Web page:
This an a great article from a true expert in conditioning for golf, Bill Hartman. Bill, a physical therapist and sports performance coach, has a website called YourGolfFitnessCoach.com.
Foundational Strength: Your First Golf Strength Training Program
One of the biggest mistakes golfers (and many other athletes) make is attempting to train too “specifically” for their sport when they lack even the most basic levels of conditioning. Just as you begin building a skyscraper by laying the foundation, so do you begin your golf-fitness program by establishing a level of foundational strength.
Developing adequate foundational strength is necessary allow you to tolerate more intensive golf-specific fitness training programs that will take your physical abilities to new levels and really impact your golf game.
The exercises should be very basic and involve the larger muscles of the torso, hips, and legs. You won’t need any fancy equipment. A simple barbell will do. Give these five exercises a try:
Take a slightly wider than shoulder-width grip with the feet under the bar at about shoulders width. Squat down into the start position. The back should be set in extension-never rounded forward-and the hips will be slightly above knee level.
Drive the bar from the floor by “pushing the feet through the floor”. As the bar comes off the floor, the spine angle will remain as in the starting position. When the bar reaches a point above the knees, fully extend the spine into an upright posture in the finish position.
From a standing position, take a large stride forward with one leg and
lower yourself into the lunge position under control. In the lunge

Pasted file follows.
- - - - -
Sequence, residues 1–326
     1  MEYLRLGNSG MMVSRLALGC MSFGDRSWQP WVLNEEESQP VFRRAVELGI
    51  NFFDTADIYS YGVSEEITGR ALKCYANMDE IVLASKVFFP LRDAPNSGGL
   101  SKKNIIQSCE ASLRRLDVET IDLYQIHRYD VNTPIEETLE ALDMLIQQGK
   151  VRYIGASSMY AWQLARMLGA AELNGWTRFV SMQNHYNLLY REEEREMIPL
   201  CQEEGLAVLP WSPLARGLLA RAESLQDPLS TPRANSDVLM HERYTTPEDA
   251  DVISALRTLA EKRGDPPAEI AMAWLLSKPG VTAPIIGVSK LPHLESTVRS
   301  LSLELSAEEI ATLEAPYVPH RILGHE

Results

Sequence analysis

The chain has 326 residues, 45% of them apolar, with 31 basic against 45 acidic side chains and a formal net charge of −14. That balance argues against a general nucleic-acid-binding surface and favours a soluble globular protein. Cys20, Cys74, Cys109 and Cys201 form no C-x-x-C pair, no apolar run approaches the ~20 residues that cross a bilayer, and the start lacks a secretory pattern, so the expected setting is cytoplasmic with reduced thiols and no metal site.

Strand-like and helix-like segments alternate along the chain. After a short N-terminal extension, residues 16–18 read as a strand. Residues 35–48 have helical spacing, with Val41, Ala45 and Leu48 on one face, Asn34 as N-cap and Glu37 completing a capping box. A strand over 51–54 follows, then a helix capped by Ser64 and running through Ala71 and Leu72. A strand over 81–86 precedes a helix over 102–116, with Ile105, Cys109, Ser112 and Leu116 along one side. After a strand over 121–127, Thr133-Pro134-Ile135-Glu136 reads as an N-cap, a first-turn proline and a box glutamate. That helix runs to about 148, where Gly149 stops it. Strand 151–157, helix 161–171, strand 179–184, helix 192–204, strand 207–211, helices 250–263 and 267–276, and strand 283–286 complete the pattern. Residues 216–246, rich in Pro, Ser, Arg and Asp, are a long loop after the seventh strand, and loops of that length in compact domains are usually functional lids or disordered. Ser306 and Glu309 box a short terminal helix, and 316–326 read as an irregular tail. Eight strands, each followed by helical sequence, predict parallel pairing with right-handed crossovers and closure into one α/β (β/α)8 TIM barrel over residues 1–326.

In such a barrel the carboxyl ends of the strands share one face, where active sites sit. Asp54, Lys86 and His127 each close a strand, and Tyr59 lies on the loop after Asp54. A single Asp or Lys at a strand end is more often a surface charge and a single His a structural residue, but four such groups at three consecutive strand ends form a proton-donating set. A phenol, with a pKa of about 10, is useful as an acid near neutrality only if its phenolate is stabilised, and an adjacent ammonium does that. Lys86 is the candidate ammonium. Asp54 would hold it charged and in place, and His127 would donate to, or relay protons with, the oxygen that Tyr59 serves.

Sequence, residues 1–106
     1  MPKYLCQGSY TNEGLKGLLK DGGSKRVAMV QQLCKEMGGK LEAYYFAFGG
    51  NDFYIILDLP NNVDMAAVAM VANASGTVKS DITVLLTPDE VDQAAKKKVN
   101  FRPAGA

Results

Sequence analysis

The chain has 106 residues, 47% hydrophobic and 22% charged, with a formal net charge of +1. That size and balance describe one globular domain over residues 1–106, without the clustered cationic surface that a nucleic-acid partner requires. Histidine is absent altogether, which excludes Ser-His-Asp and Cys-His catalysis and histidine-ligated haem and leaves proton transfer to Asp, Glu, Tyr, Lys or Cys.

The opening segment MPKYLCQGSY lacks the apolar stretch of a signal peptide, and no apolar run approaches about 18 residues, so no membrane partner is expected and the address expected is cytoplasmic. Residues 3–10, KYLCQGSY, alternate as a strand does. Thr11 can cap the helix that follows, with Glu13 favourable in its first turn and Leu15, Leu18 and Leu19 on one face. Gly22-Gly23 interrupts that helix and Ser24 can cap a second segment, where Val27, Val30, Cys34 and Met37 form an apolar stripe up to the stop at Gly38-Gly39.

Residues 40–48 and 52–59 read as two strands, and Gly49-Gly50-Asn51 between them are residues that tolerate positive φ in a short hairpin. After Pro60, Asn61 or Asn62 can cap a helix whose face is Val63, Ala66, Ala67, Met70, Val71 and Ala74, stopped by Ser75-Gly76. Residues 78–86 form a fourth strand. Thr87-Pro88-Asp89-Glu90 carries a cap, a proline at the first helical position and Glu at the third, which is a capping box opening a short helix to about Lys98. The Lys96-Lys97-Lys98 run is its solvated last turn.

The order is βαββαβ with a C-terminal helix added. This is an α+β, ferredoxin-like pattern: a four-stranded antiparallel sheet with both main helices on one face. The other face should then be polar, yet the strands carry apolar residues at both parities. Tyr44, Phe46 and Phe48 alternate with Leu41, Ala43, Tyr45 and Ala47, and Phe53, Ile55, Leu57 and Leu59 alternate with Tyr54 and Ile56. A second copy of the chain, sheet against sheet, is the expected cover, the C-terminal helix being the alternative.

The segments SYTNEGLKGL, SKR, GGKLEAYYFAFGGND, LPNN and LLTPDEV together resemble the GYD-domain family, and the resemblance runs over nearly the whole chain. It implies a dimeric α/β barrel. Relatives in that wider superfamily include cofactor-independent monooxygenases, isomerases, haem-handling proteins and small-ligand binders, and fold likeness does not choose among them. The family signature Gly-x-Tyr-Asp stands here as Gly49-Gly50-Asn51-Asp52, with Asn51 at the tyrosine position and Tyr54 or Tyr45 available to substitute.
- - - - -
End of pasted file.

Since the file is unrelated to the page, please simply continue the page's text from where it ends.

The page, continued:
position, the front knee should be bent to approximately 90 degrees and
the posture should be upright. To return to the start position, push
explosively into the floor with the front leg and return to start
without any extra steps. If you have a history of knee problems, do
not allow the knee to extend beyond the toes.
Barbell Bent-over Row
Assume a bent-over position with the spine in a neutral or slightly extended position-never rounded forward-and the knees slightly bent.
With the barbell hanging at arms length, pull the barbell upward to the upper portion of the abdominal region while squeezing the shoulder blades back and together. Return to the starting position under control.
Keeping the feet flat on the floor, bend the knees and drive the bar upward to full extension with the arms while simultaneously extending the knees violently. Lower the bar to the chest and then reset before performing the next repetition.
Lie down on your side with the body in a straight line from shoulder to ankle and propped up on one elbow. Raise the hip off the floor by pushing into the floor with the elbow and tightening the abdominals. Hold for a 5 second count and return to
the starting position. If this version of the side bridge is too difficult, perform it with the knees bent.
Perform each exercise for 1-3 sets of 6-8 repetitions with a
weight with which you could do 8-10 reps. It is not necessary to work
to maximum effort. Your goal is to learn the basic movements
prescribed and get accommodated to performing regular strength
training. Perform a strength training workout about every 3rd or 4th
After about one month (8-12 workouts), you may increase the intensity of effort by regularly increasing the weights in small increments and working to within 1 or 2 repetitions of you best effort.
To minimize delayed-onset muscle soreness, limit the number of sets until you’re able to tolerate more exercise. For instance, for you first training session, perform only one set of each exercise. If there is minimal soreness over the next 48 hours, you may then increase the total sets per exercise to 2 and so on up to the maximum number of sets recommended.
Check out Bill's website YourGolfFitnessCoach.com